PHILADELPHIA — Republican Donald Trump vowed Wednesday to boost defense spending and deploy more active troops, fighter planes, Navy ships and submarines as he works to convince skeptics in both parties that he’s ready to lead the world’s most powerful military.

The New York businessman, who has struggled at times to demonstrate a command of foreign policy, also seemed to acknowledge he does not currently have a plan to address cybersecurity or the Islamic State group.

If elected, Trump said he would give military leaders 30 days to formulate a plan to defeat the group that is also known as ISIS or ISIL. He also said he would ask the joint chiefs of staff to conduct a review of the nation’s cyber defenses to determine all vulnerabilities.

Trump’s address came hours before his national security acumen is tested at a “commander in chief” forum on NBC.

“We want to deter, avoid and prevent conflict through our unquestioned military strength,” Trump declared of his Democratic opponent in his Wednesday speech, delivered inside the exclusive Union League of Philadelphia, which first allowed women in 1986.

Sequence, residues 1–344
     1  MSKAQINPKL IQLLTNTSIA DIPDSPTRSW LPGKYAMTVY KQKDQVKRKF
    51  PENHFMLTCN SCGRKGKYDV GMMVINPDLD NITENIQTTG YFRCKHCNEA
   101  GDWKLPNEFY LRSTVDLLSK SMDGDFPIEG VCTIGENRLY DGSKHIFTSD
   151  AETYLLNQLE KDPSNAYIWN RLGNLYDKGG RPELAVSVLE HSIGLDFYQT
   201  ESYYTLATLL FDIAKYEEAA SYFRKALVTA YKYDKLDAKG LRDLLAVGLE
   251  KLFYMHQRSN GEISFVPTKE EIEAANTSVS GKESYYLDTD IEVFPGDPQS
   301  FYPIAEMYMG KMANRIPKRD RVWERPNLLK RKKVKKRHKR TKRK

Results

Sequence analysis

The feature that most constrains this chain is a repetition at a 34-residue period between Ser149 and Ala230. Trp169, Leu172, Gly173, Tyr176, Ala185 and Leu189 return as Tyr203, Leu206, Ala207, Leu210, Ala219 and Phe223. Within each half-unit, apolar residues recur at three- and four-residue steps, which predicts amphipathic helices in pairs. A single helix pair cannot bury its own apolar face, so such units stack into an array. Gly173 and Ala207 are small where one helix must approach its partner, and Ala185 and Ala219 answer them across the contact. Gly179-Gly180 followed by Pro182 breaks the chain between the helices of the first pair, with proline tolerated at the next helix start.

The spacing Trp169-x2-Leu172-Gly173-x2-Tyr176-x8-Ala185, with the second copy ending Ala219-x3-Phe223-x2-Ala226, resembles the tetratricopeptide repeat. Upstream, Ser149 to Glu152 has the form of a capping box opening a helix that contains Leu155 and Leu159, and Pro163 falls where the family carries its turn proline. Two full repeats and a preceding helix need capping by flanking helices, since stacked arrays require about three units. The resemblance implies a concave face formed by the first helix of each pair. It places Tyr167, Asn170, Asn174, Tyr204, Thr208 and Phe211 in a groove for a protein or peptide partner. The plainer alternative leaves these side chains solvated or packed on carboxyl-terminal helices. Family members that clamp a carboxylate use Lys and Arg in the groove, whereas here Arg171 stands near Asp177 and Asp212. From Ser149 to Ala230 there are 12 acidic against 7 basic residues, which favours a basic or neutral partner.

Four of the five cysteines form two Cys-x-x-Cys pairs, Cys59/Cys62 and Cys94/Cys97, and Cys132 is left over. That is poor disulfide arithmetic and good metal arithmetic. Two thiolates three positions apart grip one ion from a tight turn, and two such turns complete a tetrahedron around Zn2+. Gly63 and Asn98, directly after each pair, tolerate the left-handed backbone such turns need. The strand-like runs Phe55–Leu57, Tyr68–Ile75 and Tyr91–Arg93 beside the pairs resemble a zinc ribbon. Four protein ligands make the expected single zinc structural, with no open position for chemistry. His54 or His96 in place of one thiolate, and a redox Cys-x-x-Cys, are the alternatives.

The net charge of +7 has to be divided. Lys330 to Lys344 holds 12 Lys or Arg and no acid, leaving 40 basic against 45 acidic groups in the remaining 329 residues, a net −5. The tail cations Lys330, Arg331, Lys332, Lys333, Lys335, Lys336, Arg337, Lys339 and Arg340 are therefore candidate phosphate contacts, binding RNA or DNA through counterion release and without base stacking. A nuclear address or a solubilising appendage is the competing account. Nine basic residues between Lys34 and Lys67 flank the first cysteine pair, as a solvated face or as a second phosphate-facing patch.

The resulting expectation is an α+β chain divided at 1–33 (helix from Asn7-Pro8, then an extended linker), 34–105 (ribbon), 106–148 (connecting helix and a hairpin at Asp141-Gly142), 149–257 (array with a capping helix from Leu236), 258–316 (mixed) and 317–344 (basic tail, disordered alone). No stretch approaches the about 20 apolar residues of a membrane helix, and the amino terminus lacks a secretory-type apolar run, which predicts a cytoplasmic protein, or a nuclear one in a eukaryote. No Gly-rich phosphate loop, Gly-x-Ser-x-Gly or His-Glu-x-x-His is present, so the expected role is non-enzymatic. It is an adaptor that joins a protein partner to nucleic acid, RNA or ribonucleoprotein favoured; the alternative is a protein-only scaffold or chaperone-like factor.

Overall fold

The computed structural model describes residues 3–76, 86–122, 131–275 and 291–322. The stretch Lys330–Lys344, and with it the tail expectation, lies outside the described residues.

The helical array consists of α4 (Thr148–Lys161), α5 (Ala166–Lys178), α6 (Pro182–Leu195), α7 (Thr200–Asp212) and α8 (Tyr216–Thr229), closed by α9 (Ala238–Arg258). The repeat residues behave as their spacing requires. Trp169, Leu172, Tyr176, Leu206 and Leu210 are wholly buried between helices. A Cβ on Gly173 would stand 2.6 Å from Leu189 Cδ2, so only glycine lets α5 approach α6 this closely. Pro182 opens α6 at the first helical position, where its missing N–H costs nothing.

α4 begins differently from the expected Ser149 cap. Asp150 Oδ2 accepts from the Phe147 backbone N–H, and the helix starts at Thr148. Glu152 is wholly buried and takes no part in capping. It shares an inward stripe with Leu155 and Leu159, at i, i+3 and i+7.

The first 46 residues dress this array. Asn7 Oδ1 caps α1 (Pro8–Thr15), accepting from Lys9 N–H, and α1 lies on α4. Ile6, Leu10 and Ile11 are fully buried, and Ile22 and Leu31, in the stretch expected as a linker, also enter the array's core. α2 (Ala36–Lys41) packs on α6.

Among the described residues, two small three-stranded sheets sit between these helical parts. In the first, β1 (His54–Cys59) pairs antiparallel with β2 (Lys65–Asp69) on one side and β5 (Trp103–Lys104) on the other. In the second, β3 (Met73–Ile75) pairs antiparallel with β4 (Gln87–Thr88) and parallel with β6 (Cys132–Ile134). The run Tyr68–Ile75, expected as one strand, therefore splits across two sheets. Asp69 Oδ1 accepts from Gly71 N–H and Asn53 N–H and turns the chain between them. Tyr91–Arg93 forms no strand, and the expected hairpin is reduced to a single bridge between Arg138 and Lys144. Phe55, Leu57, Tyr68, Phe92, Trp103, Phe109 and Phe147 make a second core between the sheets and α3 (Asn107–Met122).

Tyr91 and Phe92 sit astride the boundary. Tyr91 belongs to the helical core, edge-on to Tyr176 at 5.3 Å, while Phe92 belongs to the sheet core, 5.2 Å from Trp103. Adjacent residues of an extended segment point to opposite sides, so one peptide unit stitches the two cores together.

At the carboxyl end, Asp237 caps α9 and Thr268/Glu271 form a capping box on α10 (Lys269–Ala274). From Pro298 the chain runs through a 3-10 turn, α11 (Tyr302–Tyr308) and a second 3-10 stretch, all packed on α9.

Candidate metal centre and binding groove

The appearances mark an intense, two-day focus on national security by Trump, who has offered tough rhetoric – but few details – on America’s challenges abroad.

Trump’s rival, Democrat Hillary Clinton, has tried to paint the billionaire businessman as erratic, making the case that his disposition would be a major liability on the world stage.

“They know they can count on me to be the kind of commander in chief who will protect our country and our troops, and they know they cannot count on Donald Trump,” Clinton said Tuesday. “They view him as a danger and a risk.”

Trump’s team has worked aggressively in recent days to turn deflect such criticism back at Clinton.

“She’s trigger-happy and very unstable,” Trump said of his Democratic opponent, calling her use of a private email server while secretary of state “reckless.”

Clinton and Trump appeared at separate times during Wednesday night’s forum.